New Jersey Gov. Chris Christie may have been able to avoid the whole Bridgegate mess if the Port Authority of New York and New Jersey had listened to the College of Staten Island (CSI).

The college in 2012 offered to work with the Port Authority on a computer traffic-modeling project that would simulate traffic flow at the authority’s bridges and tunnels, said Jonathan Peters, finance professor and chair of CSI’s Accounting and Finance Department.

The program simulates how lane closures due to construction, accidents or other disruptions will affect traffic flow. It eliminates the need to physically shut lanes down in order to study outcomes.

Christie administration officials are accused of closing lanes on the George Washington Bridge in September in a bid to punish the Democratic mayor of Fort Lee, who would not endorse Christie for re-election.

As the Bridgegate scandal mushroomed, the Port Authority said the lanes were closed in order to conduct a traffic safety study.

“The software is out there,” said Peters. “You shouldn’t have to close bridges to do modeling. Do it on the computer.”

Peters said that CSI approached the Port Authority about computer modeling after one of the Island’s own traffic disasters: The infamous 2011 Easter nightmare, when a paucity of open toll booths caused gridlock at the Outerbridge Crossing.

Peters said that CSI had already developed simulations for the Island’s three Port Authority bridges — the Outerbridge Crossing and the Goethals and Bayonne bridges — and said that other facilities, including the George Washington, could have easily been included.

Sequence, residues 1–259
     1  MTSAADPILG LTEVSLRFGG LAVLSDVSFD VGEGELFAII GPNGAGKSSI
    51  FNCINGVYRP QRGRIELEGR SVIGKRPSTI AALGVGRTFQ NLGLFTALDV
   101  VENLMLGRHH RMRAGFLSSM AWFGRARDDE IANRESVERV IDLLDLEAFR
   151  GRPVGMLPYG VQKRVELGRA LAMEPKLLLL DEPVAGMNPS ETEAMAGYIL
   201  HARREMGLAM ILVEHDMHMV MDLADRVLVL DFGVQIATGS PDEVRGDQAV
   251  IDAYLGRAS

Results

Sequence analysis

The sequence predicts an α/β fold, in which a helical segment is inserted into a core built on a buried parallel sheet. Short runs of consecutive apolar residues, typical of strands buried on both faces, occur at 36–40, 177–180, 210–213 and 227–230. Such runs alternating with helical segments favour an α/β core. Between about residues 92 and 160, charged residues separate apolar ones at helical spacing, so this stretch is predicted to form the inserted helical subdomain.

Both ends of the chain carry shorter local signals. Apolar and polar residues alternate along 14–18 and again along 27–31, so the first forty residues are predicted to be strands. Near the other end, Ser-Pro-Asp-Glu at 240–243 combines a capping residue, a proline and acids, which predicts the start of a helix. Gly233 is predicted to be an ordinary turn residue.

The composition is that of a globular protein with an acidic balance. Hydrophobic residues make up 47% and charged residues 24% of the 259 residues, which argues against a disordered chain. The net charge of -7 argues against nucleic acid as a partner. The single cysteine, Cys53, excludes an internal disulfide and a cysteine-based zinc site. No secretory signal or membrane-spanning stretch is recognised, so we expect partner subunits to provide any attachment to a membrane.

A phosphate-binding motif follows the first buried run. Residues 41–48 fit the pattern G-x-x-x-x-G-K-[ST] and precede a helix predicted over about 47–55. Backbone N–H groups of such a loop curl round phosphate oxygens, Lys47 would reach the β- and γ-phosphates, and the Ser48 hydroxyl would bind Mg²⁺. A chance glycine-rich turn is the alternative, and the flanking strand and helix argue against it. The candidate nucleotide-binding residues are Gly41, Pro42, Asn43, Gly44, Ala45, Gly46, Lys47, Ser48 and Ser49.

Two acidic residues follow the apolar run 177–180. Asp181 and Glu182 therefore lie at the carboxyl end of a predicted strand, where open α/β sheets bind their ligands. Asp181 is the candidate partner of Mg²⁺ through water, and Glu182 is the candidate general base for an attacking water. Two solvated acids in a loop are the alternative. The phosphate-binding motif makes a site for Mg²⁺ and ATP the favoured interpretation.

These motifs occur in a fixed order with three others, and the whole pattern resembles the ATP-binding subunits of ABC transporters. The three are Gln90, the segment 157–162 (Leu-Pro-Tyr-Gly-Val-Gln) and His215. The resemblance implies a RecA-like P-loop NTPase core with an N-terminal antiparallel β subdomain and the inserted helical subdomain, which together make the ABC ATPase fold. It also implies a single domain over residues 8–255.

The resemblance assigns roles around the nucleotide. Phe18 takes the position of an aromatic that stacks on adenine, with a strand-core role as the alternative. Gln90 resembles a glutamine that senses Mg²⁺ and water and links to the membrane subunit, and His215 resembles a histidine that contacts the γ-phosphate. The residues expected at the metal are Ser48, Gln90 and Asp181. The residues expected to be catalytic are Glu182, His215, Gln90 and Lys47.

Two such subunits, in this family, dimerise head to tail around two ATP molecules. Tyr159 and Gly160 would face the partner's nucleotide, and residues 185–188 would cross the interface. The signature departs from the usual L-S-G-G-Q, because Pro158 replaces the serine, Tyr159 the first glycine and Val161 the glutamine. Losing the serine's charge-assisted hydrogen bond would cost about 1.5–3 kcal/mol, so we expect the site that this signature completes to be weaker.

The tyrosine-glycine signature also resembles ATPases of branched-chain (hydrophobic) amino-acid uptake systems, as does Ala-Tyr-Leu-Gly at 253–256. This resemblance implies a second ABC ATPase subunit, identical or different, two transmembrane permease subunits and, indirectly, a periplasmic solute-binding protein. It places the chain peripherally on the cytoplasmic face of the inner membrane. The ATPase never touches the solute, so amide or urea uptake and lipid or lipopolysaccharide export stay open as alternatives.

Peters said the computer modeling program can also be used for other purposes, such as event planning for things like the recent Super Bowl.

The price, according to Peters: Between $50,000 and $100,000.

But after two meetings with CSI in July 2012, the Port Authority said thanks but no thanks, Peters said.

“We got a very cold shoulder,” he said. “It speaks to the agency’s arrogance. They didn’t need our help.”

Peters said CSI was told that the Port Authority had its own internal computer modeling systems in place.

If that’s the case, Peters said he “can’t fathom” why the Port Authority would close lanes for a traffic study.

“Why would you disrupt people’s daily lives and commuting when you can do it on a computer?” he said.

He added, “So it makes you question their motivations if they could have done it with computer simulation.”

Port Authority spokesman Steve Coleman said authority planning staff took the proposal to the Traffic Engineering staff “and was told that we already had similar simulation models and capabilities in-house for toll plazas where there was a need for such modeling.”

This story is © 2014 and first appeared in the Staten Island Advance on February 10, 2014.  It is reprinted here with permission.  All rights reserved.